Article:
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Asphalt fumes

Asphalt is a petroleum product used extensively in some construction work. When asphalt is heated for use, it releases fumes that can be harmful to workers.

How workers are exposed

Asphalt is most commonly found in:

Road construction and paving
  • Asphalt is heated to pave roads and seal road cracks.
  • Heated asphalt is used for sealing roofs.
  • Paving and roofing asphalt is manufactured is large batches. This releases large amount of fumes, often in a warehouse or other indoor setting.

The risks

Asphalt fumes can cause serious and permanent injury, such as:

  • Cough
  • Fatigue
  • Headache
  • Reduced appetite
  • Cancer
  • Skin rash
  • Throat and eye irritation

How to reduce the risks

To reduce the potential for injury or disease, you need to control the risks and hazards in your workplace.

The most effective way to manage the risk of exposure is to eliminate the source of exposure. If that's not possible, there are other risk controls to use. When choosing risk controls, start by asking yourself the questions in the following steps, listed in order of effectiveness. See our resources for more information.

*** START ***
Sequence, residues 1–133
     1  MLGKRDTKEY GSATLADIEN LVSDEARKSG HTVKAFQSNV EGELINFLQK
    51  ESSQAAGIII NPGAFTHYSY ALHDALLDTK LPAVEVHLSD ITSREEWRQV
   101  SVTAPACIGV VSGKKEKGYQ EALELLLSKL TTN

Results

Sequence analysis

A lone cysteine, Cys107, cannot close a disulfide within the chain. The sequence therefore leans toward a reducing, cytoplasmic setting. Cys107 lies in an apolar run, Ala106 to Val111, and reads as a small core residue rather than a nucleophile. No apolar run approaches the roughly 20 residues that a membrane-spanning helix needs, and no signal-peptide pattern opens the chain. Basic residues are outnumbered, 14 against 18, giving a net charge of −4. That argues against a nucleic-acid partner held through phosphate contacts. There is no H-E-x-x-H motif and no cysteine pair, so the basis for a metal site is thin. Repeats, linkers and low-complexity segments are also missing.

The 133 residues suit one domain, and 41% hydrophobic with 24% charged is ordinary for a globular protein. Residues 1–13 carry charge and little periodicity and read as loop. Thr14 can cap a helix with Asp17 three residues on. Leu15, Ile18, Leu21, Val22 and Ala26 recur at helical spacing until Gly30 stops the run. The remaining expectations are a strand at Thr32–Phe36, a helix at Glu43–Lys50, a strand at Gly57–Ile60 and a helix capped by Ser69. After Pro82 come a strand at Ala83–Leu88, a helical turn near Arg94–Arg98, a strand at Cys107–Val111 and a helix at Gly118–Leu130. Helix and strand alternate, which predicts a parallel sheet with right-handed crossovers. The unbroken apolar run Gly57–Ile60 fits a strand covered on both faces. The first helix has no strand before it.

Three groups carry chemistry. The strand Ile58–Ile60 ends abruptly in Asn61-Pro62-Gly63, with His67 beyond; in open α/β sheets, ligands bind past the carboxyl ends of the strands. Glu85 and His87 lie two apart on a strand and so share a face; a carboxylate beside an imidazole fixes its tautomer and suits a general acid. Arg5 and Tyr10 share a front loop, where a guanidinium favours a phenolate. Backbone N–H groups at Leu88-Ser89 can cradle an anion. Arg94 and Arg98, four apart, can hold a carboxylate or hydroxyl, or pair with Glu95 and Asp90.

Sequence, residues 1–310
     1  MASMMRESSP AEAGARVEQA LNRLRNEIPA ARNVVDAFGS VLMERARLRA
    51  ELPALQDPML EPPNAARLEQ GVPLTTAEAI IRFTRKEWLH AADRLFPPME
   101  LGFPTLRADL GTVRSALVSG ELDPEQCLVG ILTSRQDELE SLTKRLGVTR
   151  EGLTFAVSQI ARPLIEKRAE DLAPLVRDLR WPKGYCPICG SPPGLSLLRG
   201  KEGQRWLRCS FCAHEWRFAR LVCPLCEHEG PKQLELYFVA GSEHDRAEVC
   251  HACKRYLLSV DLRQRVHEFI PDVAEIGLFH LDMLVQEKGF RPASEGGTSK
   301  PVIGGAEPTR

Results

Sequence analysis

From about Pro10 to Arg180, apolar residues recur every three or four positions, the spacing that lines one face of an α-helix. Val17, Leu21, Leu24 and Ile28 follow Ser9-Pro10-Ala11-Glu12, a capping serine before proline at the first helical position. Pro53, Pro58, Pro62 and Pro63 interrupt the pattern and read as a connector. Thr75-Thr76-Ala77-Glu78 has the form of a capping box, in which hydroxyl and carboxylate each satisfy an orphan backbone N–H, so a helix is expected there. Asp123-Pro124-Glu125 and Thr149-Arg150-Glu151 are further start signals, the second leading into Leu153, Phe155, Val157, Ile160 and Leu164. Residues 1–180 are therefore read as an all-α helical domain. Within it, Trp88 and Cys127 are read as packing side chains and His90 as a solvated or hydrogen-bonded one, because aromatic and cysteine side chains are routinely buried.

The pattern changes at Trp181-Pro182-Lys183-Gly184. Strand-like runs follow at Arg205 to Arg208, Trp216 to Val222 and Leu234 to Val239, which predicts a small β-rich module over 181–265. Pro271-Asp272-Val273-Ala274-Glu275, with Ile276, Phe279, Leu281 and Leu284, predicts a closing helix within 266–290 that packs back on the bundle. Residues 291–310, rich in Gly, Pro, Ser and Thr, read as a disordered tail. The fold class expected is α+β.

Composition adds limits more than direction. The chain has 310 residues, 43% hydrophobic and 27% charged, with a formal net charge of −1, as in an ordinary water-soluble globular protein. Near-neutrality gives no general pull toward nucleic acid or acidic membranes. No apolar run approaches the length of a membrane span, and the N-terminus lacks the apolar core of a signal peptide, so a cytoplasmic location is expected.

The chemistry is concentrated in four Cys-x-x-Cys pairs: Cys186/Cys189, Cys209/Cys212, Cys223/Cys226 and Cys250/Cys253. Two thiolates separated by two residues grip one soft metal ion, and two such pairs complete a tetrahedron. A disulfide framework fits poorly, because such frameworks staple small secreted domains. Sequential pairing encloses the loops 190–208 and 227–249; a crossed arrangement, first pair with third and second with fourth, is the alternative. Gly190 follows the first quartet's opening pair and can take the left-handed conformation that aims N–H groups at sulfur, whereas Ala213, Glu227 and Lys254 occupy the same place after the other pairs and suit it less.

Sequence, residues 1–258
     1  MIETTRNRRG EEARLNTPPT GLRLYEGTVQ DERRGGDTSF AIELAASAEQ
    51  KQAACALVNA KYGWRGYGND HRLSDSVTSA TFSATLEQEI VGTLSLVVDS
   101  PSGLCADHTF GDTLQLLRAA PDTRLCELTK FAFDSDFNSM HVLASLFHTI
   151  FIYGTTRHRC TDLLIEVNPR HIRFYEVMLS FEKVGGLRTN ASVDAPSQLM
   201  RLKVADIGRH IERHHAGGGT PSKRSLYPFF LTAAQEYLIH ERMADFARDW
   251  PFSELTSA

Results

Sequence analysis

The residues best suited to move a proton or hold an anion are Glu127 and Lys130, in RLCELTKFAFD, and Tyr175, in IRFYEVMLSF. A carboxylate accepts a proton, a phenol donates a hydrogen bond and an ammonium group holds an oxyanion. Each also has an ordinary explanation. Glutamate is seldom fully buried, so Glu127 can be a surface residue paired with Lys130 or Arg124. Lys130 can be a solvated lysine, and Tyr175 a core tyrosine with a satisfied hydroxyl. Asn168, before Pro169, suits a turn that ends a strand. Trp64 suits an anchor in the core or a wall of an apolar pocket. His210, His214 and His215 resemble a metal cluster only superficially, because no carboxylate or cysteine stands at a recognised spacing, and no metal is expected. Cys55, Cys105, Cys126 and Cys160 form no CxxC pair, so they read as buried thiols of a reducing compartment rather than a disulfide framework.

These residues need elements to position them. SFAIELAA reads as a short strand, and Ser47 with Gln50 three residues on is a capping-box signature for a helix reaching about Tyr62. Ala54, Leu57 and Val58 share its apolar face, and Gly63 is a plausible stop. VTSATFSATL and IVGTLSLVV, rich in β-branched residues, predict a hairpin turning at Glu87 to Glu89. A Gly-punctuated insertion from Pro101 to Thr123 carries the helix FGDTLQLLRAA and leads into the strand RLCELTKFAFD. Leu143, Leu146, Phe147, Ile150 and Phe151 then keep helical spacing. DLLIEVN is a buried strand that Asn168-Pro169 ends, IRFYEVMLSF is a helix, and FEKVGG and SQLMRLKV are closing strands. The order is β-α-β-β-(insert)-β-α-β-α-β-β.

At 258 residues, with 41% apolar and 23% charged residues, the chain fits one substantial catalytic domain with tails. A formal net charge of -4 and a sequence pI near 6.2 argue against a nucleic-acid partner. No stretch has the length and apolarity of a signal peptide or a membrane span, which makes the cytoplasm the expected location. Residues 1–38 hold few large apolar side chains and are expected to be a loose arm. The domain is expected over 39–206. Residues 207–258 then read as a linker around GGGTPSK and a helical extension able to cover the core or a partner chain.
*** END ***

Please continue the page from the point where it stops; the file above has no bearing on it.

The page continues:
1. 1

    Elimination or substitution

    This control involves eliminating the hazard by substituting a safer process or material, where possible, is the most effective control. This is the most effective control. When working with asphalt, a key question to ask is:

    • Can an alternative, less hazardous roofing or paving material be used?
  2. 2

    Engineering controls

    This control involves making physical modifications to facilities, equipment, and processes to reduce exposure. Key questions to consider:

    • Can a process be used that generates less asphalt fume?
    • Can ventilation be improved?
  3. 3

    Administrative controls

    This control involves changing work practices and policies. Providing awareness tools and training also count as administrative controls. Some questions to consider:

    • Have workers been trained in safe work practices?
    • Have workers been trained in safe housekeeping practices?
    • Can work be scheduled for a time when fewer people will be present?
    • Have warning signs been posted in the work area?
    • Have written safe work procedures been posted?
  4. 4

    4. Personal protective equipment

    This control, the least effective, must always be used in addition to at least one other control. Some questions to ask:

    • Do workers have the required respirators, gloves, footwear, eye wear, and protective clothing?
    • Has personal protective equipment been tested to make sure it's working properly?
    • Have workers been trained on how to properly use personal protective equipment?